The Privacy Tax, Part II – The Target Cartwheel App

Yesterday in the Privacy Tax (Part I) I showed how I saved about $250 dollars the past year by buying gift cards for myself at a discount. The Target App also lets you get discounts too, and on top of the Target Gift Cards I purchase for myself (usually about 4-6%) I’ve also saved $63.94 using their app. When you shop at Target using their app combined with a REDCard you can get a lot of great benefits and discounts on products, such as 5% off. It learns what you tend to purchase and then gives you a discount for those items in the future. Sometimes there are large % off items, and other times you get gift cards that you can use next time you go shopping there. It’s all designed to get you into the store more often. Once they get you in the store, you probably tend to buy more stuff than you initially intended. As long as you’re aware of this and can manage to keep control of the costs and only purchase things you actually need, you should be OK. I tend to buy protein bars a lot and I don’t usually care what brand I get, I go with the one that’s on sale, as recommended by the app. This is a great way to use this app. But there are also privacy concerns as well. If you read the privacy policy and terms and conditions for the Target REDCard for 5% off, you will see they get a lot more info about you than what you purchase at the store. The REDCard gets (and shares with partners) boilerplate items such as:
  • Social Security number and income
  • account balances and payment history
  • credit history and credit scores
  • account transactions
But they also collect & share things like:
  • Name
  • Mailing address
  • E-mail address
  • Phone (or mobile) number
  • Date of birth or age
  • Driver’s license number
  • Credit/debit card number
  • Purchase/return/exchange information
  • Registry or list information
  • Your mobile device information (e.g., device model, operating system version, device date and time, unique device identifiers, mobile network information)
  • How you use our sites and mobile applications, search terms, pages you visit on our mobile applications and application performance, as discussed further below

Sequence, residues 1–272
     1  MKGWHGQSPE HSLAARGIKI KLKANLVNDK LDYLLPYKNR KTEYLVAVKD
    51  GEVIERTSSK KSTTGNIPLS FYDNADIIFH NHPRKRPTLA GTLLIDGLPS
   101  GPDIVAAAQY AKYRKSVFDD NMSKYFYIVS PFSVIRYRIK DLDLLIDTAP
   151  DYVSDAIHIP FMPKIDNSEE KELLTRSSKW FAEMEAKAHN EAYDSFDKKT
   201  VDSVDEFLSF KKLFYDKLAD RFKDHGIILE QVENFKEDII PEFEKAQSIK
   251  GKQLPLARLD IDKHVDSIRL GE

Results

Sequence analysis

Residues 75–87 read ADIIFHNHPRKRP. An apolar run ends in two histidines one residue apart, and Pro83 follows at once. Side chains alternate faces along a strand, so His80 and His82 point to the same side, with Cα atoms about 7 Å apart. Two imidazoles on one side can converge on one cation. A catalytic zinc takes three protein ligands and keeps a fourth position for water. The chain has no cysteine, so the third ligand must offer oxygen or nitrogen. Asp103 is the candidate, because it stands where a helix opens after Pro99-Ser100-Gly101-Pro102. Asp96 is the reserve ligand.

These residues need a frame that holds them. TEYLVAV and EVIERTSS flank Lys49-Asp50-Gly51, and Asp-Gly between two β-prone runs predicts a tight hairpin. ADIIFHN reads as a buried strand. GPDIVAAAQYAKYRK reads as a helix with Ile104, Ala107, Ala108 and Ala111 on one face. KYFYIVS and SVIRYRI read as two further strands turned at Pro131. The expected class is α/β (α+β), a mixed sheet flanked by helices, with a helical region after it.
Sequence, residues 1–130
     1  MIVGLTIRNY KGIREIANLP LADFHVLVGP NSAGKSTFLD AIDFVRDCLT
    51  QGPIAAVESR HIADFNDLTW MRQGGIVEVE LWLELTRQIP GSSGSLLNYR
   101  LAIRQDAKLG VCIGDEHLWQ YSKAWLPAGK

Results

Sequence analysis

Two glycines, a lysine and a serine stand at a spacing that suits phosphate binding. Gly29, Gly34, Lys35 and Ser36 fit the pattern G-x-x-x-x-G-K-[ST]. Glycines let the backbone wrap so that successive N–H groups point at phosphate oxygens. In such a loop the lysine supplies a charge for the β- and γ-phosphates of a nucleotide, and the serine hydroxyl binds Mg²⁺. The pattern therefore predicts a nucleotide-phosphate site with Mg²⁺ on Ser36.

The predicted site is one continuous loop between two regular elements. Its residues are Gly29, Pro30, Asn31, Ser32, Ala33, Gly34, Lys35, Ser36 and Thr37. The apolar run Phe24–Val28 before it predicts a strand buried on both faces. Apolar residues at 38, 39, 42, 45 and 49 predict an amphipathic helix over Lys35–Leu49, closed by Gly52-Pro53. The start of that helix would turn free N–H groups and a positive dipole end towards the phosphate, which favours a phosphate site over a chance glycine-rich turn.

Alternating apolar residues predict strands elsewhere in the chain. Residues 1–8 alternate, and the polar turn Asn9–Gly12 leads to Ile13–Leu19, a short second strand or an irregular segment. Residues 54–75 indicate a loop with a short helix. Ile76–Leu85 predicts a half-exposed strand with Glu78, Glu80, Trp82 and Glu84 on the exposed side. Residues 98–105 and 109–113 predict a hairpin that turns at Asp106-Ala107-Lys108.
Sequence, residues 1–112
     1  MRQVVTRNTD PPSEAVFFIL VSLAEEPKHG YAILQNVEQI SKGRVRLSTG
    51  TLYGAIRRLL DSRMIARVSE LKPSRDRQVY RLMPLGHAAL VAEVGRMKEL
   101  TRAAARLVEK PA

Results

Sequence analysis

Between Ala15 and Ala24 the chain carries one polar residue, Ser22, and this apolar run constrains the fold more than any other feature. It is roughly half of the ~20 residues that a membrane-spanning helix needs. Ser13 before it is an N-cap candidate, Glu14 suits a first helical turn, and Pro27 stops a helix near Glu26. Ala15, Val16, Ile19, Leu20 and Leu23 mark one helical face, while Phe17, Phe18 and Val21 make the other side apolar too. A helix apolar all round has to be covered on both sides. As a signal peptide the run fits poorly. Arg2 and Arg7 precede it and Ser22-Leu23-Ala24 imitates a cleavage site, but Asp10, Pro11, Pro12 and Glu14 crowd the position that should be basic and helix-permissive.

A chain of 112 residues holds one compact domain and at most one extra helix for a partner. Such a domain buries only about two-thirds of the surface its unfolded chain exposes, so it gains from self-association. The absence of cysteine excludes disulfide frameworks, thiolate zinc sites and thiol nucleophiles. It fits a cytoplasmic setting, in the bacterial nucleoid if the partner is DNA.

• Geo-location and in-store location
  • Social media information (e.g., ID, profile picture, gender, age range, friends’ IDs)
Are you the ultimate Target of discount cards? But wait there’s more:
Targeted TV Ads We may display targeted ads to you through your cable or satellite TV provider. These ads are sent to groups of people who share traits such as likely commercial interests and demographics. For example, we may target TV ads to guests who have expressed an interest in shopping for groceries, cosmetics, clothing, etc. Store Cameras We use cameras in and around our stores for security purposes and for operational purposes such as measuring traffic patterns and tracking in-stock levels. Cameras in some stores may use biometrics, including facial recognition for fraud and theft prevention and security.
I believe that even though I’m not a REDCard holder, I’m being tracked in this way because they have my unique device identifier and email address. I’ve walked into their stores hundreds of times and they probably have my biometric facial data. I’ve spent some time using different accounts, but at the end of the day I think it’s a pointless endeavor because they know my device_id and what I’m purchasing.  That’s a lot of information to hand over for 5% off, don’t you think? For more on privacy check out: http://oracle.davidkanter.com/2018/07/17/how-to-make-sure-your-kids-dont-spend-hundreds-of-dollars-with-your-google-play-itunes-or-nintendo-account-using-privacy-com/    

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